Network Neutrality Inference

Once a fundamental Internet property, network neutrality cannot be taken for granted today. There is evidence that Internet service providers (ISPs) differentiate against certain applications, typically BitTorrent, by deprioritizing, blocking, or shaping its traffic. More recently, there is evidence that ISPs are differentiating against traffic originating from specific content providers. We are not saying that such differentiation should be illegal (although it is, in certain countries); our position is that—whether illegal or not—it should be transparent: if an ISP differentiates against specific end-hosts, protocols, or applications, that should be visible to the affected parties and regulators.

The goal of this project is to understand what can be inferred about a network’s neutrality based on external observations and at the same time design a “neutrality inference” algorithm, which takes as input a network graph and external observations (end-to-end measurements), and it identifies non-neutral link sequences.

To evaluate candidate neutrality-inference algorithms in a controlled environment, we use the LINE network emulator.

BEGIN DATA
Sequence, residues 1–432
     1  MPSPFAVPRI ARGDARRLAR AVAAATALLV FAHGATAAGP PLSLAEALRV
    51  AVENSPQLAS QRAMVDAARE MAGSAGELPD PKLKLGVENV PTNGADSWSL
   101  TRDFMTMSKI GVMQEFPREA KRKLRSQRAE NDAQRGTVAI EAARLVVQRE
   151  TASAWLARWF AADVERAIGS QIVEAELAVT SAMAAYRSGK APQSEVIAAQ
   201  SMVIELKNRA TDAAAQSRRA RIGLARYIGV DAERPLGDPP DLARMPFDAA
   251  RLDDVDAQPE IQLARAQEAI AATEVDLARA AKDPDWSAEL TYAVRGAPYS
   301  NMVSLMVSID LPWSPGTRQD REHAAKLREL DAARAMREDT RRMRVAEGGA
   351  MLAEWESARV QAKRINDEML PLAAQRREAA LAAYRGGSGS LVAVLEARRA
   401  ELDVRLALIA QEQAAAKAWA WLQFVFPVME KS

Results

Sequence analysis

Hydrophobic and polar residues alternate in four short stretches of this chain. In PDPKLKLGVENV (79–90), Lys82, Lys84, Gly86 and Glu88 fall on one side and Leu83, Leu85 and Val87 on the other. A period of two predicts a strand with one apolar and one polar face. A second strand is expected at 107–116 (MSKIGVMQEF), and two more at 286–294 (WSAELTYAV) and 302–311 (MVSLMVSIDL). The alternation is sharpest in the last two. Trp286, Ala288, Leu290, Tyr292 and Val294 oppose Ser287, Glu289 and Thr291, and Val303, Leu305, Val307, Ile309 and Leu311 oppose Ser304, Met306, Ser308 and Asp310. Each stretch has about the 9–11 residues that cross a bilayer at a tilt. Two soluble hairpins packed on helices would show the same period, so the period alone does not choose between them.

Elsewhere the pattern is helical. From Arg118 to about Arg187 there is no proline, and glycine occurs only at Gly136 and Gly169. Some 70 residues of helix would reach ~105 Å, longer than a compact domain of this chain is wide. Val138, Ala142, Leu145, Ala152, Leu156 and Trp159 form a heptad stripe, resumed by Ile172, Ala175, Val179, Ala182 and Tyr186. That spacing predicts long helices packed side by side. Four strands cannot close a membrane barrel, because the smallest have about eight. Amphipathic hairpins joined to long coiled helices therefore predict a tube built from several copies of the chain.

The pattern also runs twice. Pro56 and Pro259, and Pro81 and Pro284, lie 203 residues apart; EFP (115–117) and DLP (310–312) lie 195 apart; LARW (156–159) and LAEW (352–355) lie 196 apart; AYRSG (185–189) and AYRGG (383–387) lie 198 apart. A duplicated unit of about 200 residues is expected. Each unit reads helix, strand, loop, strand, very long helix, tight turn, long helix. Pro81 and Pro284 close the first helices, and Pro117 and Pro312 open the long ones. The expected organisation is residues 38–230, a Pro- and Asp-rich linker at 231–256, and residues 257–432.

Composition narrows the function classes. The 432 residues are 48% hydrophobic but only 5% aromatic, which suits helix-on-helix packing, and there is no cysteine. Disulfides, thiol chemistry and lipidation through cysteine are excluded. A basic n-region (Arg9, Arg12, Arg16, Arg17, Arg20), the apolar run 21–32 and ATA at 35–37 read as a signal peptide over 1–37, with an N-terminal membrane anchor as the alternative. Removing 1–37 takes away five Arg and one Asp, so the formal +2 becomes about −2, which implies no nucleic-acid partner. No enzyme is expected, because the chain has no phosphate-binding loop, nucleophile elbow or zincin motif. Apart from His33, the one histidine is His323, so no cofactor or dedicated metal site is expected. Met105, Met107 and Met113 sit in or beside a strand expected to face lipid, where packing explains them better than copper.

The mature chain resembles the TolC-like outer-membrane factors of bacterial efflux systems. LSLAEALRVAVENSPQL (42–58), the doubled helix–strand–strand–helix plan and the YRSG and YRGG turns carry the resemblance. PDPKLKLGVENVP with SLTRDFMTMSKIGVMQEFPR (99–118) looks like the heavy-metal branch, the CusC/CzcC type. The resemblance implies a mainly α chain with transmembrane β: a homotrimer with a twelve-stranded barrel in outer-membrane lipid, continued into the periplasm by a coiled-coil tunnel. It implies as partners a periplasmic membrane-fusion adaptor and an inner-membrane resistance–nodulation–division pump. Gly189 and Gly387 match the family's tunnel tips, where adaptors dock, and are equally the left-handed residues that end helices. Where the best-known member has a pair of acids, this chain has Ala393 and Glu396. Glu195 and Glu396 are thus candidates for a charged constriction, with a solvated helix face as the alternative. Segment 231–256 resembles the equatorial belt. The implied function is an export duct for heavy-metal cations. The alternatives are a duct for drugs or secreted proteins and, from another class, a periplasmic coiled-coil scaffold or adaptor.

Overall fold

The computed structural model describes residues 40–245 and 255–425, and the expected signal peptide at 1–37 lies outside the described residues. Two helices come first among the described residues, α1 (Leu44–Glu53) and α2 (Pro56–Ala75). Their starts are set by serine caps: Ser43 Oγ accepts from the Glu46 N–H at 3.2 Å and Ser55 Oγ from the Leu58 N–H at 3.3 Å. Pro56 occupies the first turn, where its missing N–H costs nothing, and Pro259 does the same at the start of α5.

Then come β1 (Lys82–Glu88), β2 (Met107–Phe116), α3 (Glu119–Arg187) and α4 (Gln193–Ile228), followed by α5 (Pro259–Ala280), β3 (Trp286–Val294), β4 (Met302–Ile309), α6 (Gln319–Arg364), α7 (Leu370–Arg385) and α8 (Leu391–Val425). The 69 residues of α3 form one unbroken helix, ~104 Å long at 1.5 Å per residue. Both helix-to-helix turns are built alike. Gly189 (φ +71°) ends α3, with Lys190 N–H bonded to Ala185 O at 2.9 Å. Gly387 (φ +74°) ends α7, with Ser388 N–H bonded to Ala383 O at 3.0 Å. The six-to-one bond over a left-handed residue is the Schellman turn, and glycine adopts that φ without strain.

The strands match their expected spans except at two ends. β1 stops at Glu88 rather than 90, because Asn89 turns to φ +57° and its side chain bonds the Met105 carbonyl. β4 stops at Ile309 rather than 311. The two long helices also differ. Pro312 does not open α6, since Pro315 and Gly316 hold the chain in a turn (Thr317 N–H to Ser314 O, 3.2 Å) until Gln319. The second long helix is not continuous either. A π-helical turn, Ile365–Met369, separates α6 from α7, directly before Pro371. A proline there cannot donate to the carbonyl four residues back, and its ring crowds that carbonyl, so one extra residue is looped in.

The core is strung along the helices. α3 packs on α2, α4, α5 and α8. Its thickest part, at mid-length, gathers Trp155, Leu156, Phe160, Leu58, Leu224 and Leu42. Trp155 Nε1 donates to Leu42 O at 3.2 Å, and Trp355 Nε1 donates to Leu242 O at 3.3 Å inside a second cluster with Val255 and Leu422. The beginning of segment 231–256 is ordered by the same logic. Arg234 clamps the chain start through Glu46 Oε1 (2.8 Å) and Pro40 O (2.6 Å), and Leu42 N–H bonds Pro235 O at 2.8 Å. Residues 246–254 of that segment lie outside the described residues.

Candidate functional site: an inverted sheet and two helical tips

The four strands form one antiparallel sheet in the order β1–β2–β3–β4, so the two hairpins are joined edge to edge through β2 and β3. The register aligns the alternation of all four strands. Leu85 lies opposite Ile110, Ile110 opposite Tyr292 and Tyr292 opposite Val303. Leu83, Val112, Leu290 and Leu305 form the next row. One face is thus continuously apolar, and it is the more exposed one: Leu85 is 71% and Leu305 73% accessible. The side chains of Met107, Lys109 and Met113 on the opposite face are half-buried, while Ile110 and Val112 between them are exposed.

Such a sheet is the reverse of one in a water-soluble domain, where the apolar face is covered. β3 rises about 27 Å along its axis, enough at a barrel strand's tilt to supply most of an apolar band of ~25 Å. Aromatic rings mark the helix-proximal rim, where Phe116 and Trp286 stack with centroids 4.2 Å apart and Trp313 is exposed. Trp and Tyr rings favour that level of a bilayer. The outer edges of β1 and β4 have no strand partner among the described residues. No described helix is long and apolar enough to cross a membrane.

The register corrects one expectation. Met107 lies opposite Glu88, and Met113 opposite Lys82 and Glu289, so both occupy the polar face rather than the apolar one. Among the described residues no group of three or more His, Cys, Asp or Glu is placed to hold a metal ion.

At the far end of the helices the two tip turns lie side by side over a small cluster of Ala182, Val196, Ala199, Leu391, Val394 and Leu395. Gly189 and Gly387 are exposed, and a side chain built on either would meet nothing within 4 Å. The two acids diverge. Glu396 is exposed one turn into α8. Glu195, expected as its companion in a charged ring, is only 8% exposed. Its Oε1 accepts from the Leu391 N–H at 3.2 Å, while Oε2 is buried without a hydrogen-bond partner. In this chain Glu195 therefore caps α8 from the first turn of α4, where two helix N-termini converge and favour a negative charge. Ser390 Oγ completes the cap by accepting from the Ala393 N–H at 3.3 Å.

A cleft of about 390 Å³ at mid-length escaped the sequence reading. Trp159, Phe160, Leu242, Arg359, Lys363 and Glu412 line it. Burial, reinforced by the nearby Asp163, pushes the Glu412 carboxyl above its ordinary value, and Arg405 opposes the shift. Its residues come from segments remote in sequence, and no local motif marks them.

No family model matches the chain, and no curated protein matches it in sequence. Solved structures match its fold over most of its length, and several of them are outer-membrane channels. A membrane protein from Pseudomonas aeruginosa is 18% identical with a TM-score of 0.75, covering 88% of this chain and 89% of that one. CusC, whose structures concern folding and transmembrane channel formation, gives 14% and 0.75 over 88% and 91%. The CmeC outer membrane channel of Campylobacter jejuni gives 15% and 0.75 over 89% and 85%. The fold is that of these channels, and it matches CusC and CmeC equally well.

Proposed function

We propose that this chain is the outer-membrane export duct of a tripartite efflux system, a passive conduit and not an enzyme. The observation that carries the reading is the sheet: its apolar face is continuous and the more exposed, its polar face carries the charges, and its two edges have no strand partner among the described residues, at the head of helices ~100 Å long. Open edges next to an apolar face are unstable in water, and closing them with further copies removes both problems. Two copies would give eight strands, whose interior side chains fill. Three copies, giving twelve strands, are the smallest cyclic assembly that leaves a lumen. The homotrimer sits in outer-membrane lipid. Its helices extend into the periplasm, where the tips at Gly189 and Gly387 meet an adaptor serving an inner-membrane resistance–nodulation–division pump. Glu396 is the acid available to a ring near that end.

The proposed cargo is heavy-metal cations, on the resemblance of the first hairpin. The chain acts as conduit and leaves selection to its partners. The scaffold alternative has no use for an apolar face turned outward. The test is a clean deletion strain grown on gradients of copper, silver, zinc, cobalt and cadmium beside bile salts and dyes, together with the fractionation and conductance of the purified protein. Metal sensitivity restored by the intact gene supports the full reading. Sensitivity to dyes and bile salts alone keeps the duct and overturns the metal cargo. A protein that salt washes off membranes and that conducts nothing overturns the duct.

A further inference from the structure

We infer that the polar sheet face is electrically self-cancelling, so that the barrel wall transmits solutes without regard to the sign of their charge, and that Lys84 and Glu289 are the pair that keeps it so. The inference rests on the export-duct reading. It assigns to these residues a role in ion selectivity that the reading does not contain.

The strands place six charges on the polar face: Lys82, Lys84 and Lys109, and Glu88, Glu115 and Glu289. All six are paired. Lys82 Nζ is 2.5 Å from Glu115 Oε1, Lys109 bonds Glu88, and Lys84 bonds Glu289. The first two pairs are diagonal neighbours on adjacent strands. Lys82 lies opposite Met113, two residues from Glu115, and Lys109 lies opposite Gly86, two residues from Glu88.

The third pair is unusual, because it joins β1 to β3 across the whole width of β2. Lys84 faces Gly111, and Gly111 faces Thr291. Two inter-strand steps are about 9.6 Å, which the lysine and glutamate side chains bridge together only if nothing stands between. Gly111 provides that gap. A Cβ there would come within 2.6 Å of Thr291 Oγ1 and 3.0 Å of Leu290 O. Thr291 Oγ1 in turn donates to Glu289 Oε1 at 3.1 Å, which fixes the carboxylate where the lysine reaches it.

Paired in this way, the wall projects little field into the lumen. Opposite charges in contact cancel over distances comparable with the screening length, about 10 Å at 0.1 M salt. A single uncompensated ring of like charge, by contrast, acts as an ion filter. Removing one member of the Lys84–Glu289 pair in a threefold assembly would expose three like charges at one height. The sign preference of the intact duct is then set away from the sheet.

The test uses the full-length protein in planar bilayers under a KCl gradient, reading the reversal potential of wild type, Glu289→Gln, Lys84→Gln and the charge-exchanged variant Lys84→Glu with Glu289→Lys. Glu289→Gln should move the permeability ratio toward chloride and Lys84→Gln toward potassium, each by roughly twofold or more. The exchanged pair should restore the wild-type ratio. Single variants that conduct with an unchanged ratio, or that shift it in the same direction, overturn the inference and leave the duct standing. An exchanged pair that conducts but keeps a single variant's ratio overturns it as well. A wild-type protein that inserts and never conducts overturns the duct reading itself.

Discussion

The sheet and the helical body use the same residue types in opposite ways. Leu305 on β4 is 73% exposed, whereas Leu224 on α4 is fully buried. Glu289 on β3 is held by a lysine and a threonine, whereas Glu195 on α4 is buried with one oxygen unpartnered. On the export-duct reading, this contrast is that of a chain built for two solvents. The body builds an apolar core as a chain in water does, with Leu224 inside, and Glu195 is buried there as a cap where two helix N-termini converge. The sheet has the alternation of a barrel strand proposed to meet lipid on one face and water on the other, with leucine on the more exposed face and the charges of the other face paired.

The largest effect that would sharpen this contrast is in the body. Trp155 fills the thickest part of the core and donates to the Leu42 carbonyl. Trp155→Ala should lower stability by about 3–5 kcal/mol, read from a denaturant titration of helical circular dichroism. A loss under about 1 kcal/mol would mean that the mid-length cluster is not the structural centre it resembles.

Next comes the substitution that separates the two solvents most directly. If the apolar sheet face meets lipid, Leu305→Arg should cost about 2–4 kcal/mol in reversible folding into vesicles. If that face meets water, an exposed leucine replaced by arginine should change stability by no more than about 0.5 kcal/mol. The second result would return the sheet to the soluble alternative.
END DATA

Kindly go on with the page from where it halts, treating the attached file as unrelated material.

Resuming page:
Results

Network Neutrality Inference, Zhiyong Zhang, Ovidiu Mara, Katerina Argyraki. This work presents conditions under which it is possible to (a) detect neutrality violations and (b) localize them to specific links, based on external observations. The key insight is that, when one makes external observations from different vantage points, these will most likely be inconsistent with each other if the network is not neutral. So, where existing tomographic techniques try to form solvable systems of equations to infer network properties, this work tries to form unsolvable systems that reveal neutrality violations. It also presents and evaluates a first-cut neutrality-inference algorithm. The results provide promising preliminary evidence that it is feasible to reason about network neutrality, even when we know nothing about the internal behavior of the network. In SIGCOMM 2014. 

To try out our latest version of the algorithm, you can get the LINE network emulator and configure it with your own topology and traffic-generation parameters (or copy one of our configuration setups).

If you want to reproduce the results from the SIGCOMM paper, we have packaged together the version of LINE that we were using at the time with the right configuration setup for each experiment. You can find detailed instructions on this page.